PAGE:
James Pryde(Edinburgh, 1866 - Kensington, London, 1941)
London, RSA, Modern art from Scottish Homes
Commissioned from the artist by Annie, later 1st Viscountess Cowdray, and by descent at Dunecht House, Aberdeenshire
London, The Fleming Collection, Rascals and Ruins: The Romantic Vision of James Pryde, 12th September - 16th December 2006, no. 52.
C. Powell, exhibition catalogue, Rascals and Ruins: The Romantic Vision of James Pryde, London, 2006, p. 76-7, illus.
The inspiration for this work, painted c. 1910, has been linked to two commemorative monuments in cities lived in by Pryde: the Melville Monument in St Andrew Square, Edinburgh, of 1823, and the Duke of York’s Column in London, dating from the early 1830s. It is, in fact, a very faithful representation of the latter, as seen looking up the Duke of York’s Steps from The Mall. The figures in period costume suggest a reference to its completion and unveiling and it was, indeed, originally referred to in correspondence and documents as The Unveiling of the Duke of York’s Column. The subject would have appealed to the Cowdray’s since their London residence at the time of Pryde’s work was 16 Charlton House Terrace, which lies a stone’s throw to the right of this scene. Lady Cowdray (then Lady Pearson) asked Pryde to make a watercolour of the same subject in the visitor’s book for that house. He, finding the paper in the book unsuitable, drew it on a separate sheet and pasted it in.
Lady Cowdray paid £500 for the painting and probably acquired it in 1910.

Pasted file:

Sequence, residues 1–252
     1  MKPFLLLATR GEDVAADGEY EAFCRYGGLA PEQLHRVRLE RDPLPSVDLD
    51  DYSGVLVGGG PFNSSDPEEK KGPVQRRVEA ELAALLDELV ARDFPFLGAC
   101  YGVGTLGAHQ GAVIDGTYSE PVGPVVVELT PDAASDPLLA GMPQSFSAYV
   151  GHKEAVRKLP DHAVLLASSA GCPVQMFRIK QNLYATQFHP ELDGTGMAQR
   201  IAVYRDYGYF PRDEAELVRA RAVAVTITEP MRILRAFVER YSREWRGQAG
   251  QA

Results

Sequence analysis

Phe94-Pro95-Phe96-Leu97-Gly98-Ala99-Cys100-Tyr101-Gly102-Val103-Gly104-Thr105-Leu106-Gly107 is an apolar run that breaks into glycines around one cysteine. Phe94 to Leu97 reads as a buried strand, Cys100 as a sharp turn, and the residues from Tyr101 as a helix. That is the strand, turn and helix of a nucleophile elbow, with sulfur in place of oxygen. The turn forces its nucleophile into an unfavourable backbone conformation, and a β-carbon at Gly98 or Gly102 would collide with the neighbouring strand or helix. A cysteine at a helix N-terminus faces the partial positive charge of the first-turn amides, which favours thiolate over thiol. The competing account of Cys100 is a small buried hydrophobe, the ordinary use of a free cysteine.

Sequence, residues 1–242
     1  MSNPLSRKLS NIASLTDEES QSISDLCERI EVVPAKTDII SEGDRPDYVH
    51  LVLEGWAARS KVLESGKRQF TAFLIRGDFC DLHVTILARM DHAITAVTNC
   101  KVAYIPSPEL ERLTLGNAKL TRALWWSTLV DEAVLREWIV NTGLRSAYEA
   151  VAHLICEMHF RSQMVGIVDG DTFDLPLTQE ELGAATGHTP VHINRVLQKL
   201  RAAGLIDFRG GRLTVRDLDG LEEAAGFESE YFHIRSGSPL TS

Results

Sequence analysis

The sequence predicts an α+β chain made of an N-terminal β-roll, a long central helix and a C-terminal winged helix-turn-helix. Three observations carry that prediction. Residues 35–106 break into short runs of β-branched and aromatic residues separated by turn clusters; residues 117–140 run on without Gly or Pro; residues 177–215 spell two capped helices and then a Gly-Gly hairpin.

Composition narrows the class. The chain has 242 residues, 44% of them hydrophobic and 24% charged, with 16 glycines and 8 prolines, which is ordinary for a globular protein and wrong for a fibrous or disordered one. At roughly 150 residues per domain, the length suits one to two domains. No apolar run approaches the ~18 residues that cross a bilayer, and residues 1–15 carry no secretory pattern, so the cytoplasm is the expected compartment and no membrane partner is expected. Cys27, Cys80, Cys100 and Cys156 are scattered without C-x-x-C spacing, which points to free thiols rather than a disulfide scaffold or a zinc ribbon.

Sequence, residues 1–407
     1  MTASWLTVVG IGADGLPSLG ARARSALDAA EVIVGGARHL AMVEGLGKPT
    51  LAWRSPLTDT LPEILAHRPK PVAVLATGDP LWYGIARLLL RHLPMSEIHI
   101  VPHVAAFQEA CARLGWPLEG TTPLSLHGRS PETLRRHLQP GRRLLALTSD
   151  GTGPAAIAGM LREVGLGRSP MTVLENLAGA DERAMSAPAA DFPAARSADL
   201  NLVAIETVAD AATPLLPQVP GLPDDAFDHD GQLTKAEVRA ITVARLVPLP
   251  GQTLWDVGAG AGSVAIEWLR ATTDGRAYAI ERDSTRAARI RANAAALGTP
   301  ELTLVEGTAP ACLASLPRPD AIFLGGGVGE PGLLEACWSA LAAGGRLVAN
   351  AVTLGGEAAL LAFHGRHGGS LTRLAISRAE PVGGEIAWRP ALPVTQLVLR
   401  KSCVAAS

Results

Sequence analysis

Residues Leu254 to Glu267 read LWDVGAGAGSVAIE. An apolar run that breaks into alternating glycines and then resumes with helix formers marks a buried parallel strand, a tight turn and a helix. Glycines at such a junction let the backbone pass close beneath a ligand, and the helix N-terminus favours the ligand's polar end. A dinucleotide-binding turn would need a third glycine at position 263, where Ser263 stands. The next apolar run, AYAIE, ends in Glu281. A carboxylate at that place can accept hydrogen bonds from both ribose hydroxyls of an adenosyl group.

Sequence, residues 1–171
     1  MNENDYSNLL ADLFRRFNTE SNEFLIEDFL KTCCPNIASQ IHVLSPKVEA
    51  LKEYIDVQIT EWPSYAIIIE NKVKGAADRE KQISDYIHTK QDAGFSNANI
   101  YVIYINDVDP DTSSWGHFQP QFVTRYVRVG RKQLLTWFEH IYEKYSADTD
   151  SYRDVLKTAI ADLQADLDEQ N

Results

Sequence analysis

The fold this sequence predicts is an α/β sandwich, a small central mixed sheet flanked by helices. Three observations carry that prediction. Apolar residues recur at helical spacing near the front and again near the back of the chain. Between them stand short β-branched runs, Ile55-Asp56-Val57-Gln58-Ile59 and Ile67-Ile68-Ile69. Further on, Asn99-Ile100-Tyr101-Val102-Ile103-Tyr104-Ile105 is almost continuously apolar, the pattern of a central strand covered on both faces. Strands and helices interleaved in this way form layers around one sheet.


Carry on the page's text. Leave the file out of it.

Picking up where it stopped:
It is painted on canvas from Chenil Gallery in Chelsea and bears the gallery’s distinctive palette-shaped mark; Pryde had a close relationship with the Chenil throughout the twenty years of its existence, 1906-27, and his works were often exhibited there. On 9 May 1911 Pryde wrote to Lady Cowdray, requesting the work back for inclusion in his one-man exhibition at the Baillie Gallery in Bruton Street, opening that very month. It was not included in that show for a very simple reason: in his hate he sent her letter to the Cartwright Hall Art Gallery in Bradford (see The Shell) and vice versa.
Construction and its pendant Destruction owe their ultimate titles to their location in the Library at Dunecht: they flanked the entrance door, Destruction to the left as seen from the room itself, and Construction to the right. They thus relate to the buildings in Pryde’s great lunette high above them, where the left-hand structure is dramatically more ruinous and darker than that on the right. Their titles may, in fact, derive from family nicknames for the works; Lord Cowdray’s remarkable business career lay in the field of construction and the biblical quotation (Proverbs 16:18) Pride goeth before destruction’ would have been familiar to the artist